Transfers that shaped Football History


Every once in a while there is a football transfer that makes a huge impact, one that grabs everyone’s attention. Rarer still are those signings who have made a significant impression because of their exorbitant price-tag or for the influence they’ve had on entire teams and, in some cases, leagues. Here we take a closer look at some of these big, if not historic transfers – including the first ‘million pound footballer’ and the impact a single player managed to make on a whole country.

Willie Groves to  Aston Villa

We start will Willie Groves, the first ever player to be transferred to another club for more than £100.

Groves was a Scotland player but hung up International his boots 3 years before he made transfer history. In 1890 he joined West Brom from Celtic, and over the course of 3 seasons he played 58 games. In what would have been considered ‘Splashing the cash’ or ‘Taking a risk’ in those days, Aston Villa offered the Baggies £100 for the striker.

Aston Villa didn’t offer the money out of choice however, they were forced by the English FA to pay the fee when they were found to have illegally approached Groves and his teammate Jack Reynolds.

Groves spent one season at Villa before leaving after a dispute over his contract. His name may not be widely recognised, but it is widely believed that his move to Villa Park started the trend of big money spending.

Alf Common to Middlesbrough

As time progressed, Transfer fees were becoming common and were rising all the time, but the next milestone came in 1905 when Alf Common joined Middlsebrough from Sunderland for £1,000.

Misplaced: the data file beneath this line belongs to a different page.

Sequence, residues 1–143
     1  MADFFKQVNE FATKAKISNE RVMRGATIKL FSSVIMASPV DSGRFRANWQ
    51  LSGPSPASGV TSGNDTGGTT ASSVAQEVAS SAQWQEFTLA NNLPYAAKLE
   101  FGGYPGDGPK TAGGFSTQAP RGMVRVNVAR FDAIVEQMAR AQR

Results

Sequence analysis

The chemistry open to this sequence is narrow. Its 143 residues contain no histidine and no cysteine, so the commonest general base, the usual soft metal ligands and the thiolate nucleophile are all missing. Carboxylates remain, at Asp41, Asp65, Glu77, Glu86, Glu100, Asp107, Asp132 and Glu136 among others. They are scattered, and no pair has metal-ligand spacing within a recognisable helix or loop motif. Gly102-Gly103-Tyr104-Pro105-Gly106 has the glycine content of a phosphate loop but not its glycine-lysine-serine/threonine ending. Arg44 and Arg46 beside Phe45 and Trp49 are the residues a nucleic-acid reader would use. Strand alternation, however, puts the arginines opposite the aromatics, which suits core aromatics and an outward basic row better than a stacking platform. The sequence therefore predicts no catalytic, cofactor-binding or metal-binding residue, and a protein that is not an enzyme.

Common was a hot property in football in his generation, having broken the transfer record already just a year earlier when he joined Sunderland from Sheffield United for £520.

He spent 5 years at Middlesbrough, and his record transfer fee was well worth it as his record proves, with 56 goals in 156 appearances.

Alf also played for England, but given how rarely Internationals were played at the time, he only played in 3 games, but scored 2 goals.

‘Dixie’ Dean to Everton

In 1925 young striker William Ralph Dean joined Everton from Tranmere Rovers for £3,000. It was not a transfer record, but his influence and impact on the game in England was amazing.

It was during his Everton days that he was christened with the name ‘Dixie’, although its the name he was well known by, Dean himself disliked it.

Many flocked to Goodison Park to just see the striker, and they were never disappointed. With a ball as hard is it was at the time, he was actually a keen header of the ball and one of those came in his first game after recovering from a motorcycling accident in which he suffered head injuries!

Two of his records have never been matched. His 349 goals in 399 games is an exceptional strike rate, and it was probably a shock horror not to see him score for Everton on match day. His other record is 60 League goals in one season (1927-28), its a record which may never be matched, and Dean himself even spoke about the chances of it happening: “People ask me if that 60-goal record will ever be beaten. I think it will. But there’s only one man who’ll do it. That’s the fella that walks on the water. I think he’s about the only one.”

Dean is no stranger to Irish shores either, in his later years he spent one season with Sligo Rovers, scoring a long standing record of most goals in a single game (7 against Waterford United).

Even the most staunch Liverpool supporter can’t deny that Dean is one of the true greats in Football and his move to Everton had a massive impact on the game in the country.

Alfredo Di Stéfano to Real Madrid